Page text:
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Crohn’s disease 

Crohn’s disease

Crohn’s disease

Miles Parkes



Updated information regarding Crohn’s disease pathogenesis, optimization of thiopurine therapy and initiation and cessation of anti-TNF therapy. In particular, evidence for the benefit of combination anti-TNF therapy with thiopurine (from the SONIC study) and criteria for stopping anti-TNF therapy (from the STORI study).

A relevant case history from Oxford Case Histories in Gastroenterology and Hepatology has been added to this chapter.

Updated on 28 Nov 2012. The previous version of this content can be found here.
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date: 30 March 2017

Crohn’s disease is a common form of chronic inflammatory bowel disease. Typically involving the terminal ileum, colon, and perineum, it causes patchy transmural inflammation characterized microscopically by granulomata. Common complications include fibrotic strictures, fistulas, and abscesses.

The trigger is unknown but an unregulated mucosal immune response to commensal bacteria drives the chronic inflammation. Variants in several genes involved in innate immunity are strongly associated, with NOD2, interleukin-23, and autophagy pathways all recently implicated. Smoking also increases the risk.

With a pattern of episodic flares, Crohn’s disease has significant morbidity but low mortality. Treatment of acute inflammatory disease is usually with corticosteroids or therapeutic diets; for steroid-dependence or frequent relapse immunosuppression with azathioprine, 6-mercaptopurine or methotrexate is indicated. Anti-tumour necrosis factor (anti-TNFα‎) antibody therapy can induce rapid remission of aggressive or resistant disease and maintain remission in such cases.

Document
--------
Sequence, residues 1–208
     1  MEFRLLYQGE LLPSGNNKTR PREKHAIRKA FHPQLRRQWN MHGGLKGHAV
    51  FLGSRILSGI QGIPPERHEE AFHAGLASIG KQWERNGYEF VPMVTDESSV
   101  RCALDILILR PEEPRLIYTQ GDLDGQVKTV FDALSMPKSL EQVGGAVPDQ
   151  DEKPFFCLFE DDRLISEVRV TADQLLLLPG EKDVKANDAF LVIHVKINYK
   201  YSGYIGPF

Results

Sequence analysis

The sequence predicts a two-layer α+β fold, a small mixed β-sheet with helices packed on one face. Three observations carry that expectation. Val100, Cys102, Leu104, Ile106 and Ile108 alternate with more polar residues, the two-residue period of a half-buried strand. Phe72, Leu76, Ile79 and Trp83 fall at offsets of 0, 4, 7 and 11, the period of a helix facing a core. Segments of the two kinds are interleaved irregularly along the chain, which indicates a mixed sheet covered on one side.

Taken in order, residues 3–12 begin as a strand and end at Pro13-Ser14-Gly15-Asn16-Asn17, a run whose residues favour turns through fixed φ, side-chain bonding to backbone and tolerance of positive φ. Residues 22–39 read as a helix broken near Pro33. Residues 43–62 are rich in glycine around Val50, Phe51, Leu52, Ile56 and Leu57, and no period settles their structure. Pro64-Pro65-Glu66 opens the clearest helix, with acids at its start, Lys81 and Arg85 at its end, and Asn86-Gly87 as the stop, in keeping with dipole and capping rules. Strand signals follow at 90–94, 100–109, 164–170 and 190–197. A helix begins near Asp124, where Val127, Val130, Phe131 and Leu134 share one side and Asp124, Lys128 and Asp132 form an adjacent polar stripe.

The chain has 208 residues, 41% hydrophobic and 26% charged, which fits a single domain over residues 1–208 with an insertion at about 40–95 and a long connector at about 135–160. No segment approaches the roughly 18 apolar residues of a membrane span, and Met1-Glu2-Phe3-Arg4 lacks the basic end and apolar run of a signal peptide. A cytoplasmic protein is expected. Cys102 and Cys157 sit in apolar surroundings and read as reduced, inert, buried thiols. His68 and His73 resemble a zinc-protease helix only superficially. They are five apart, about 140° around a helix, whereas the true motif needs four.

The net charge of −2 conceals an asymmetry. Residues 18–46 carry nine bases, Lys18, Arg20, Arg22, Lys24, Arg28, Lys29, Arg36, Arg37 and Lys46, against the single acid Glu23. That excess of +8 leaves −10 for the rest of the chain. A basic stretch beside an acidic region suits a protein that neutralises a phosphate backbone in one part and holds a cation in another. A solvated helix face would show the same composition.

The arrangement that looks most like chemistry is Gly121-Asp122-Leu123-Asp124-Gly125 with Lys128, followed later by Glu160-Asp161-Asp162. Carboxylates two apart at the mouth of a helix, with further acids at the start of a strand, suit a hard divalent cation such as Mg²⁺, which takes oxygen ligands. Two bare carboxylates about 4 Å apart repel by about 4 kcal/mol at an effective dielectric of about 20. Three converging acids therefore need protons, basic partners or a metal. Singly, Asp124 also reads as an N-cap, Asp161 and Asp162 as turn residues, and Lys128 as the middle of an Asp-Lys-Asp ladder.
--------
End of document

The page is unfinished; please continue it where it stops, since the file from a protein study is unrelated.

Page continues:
Despite increased use of immunosuppressants 80% of patients require surgery in the long term, most commonly for ileal stricturing. Timely, conservative surgery is the key, minimizing the length of small-bowel resected and using laparoscopic approaches where possible. For colonic disease requiring surgery, segmental colectomy or subtotal colectomy with ileorectal anastomosis are preferred, but significant rectal or perianal involvement may require proctocolectomy and ileostomy.

Perianal Crohn’s disease is treated medically with antibiotics, azathioprine, and anti-TNF antibody therapy; and surgically with abscess drainage and placement of seton sutures through fistulas where possible, rather than more radical options.

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